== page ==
Moreover, only for dependent (rather than prohibited) mobile phone use, stress appeared as significant predictor for both Generations X and Y, indicating stress may differentially impact upon problems experienced through mobile phone use. Some individuals may use their mobiles to cope with everyday stress, similar to individuals using the Internet to cope with and compensate for problems, potentially leading to addiction-related symptoms (Kardefelt-Winther 2014; Kuss et al. 2017). Accordingly, in the case of dependent use, mobile phone use can be considered a dysfunctional coping method which may offer a short-term solution to stressful experiences, but has potential damaging long-term effects. In the context of prevention and treatment efforts, focusing on developing functional coping mechanisms may reduce the reliance on dysfunctional mobile phone use-related coping.

Contrary to predictions, depression and anxiety were not found to be important predictors of problematic mobile phone use. The only significant effect found was an indirect effect of anxiety on age group, suggesting Generation Y may be more anxious than Generation X, possibly due to Generation Y being more likely to experience a fear of missing out (FOMO) (Przybylski et al. 2013), leading to increased pressure to use mobile phones and social media. From a developmental perspective, it appears that whilst in the process of psychosocial maturation, younger individuals may be confronted with more anxiety, which eventually evens out as they become older and more mature (Motti-Stefanidi 2015). Similar trends may hold true for depression-related symptoms, but unlike previous research (Babadi-Akashe et al. 2014; Murdock 2013), this study has not found depression related to problematic mobile phone use. In line with the diagnostic criteria for depression (American Psychiatric Association 2013), one could theorise that if individuals are feeling depressed, they may be more likely to withdraw from others, potentially reducing mobile phone use. It is suggested that future research assesses the interaction effects between specific mobile phone uses and both depressive and anxiety symptoms, as there may be inverse relationships with communicative phone use.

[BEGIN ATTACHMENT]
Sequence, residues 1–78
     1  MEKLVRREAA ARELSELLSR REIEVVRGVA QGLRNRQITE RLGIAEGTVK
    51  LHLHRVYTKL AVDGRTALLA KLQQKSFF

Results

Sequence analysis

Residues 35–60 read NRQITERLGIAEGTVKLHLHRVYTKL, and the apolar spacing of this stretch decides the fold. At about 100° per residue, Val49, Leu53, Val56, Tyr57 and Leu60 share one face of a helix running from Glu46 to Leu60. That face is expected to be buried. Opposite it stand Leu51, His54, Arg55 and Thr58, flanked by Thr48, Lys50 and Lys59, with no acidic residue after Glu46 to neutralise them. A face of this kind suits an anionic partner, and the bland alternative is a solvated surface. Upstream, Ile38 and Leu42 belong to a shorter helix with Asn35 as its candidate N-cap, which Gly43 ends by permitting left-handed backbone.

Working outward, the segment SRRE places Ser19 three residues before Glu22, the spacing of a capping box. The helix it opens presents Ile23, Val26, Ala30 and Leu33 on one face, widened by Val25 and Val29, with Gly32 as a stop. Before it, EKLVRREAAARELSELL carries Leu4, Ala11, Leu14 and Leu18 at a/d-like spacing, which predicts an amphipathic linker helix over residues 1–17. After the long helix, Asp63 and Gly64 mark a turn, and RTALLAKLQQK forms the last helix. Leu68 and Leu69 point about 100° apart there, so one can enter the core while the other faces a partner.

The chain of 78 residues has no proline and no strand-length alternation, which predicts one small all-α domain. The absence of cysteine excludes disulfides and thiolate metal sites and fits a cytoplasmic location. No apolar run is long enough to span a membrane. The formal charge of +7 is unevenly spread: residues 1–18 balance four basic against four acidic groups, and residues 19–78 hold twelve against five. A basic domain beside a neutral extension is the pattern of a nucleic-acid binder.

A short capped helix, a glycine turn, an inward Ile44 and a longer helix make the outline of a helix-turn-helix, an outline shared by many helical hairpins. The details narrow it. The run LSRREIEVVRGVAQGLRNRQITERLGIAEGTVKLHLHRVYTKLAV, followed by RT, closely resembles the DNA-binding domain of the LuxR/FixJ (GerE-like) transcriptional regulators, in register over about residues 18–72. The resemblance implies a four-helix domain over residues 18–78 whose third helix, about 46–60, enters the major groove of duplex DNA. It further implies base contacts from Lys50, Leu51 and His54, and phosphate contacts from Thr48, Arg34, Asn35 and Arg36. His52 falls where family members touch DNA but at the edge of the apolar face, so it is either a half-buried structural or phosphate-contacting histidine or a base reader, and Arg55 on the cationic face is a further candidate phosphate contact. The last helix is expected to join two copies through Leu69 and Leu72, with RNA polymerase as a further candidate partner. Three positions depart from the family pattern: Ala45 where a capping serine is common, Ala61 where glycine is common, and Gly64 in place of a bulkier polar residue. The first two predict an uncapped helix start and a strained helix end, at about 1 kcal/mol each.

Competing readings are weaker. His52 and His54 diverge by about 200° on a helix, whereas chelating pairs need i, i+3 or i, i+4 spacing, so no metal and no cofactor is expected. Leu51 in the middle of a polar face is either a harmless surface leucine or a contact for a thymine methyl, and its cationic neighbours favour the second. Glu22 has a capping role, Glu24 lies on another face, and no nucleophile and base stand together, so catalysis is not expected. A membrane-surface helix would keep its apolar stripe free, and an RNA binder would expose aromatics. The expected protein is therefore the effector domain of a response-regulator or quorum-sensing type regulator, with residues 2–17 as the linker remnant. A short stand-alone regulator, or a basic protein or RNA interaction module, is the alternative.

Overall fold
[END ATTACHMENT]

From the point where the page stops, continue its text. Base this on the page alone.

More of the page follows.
Financial problems through mobile phone use were predicted by social media use only; however, this effect disappeared when including the respective generations. An explanation for this finding is that intention of social media use may be different between Generation X and Generation Y; Generation Y use social media mainly for entertainment and networking at minimum cost, while Generation X use social media for marketing and customer management, considered more costly. Therefore, social media use-related financial problems are more likely to be observed in Generation X.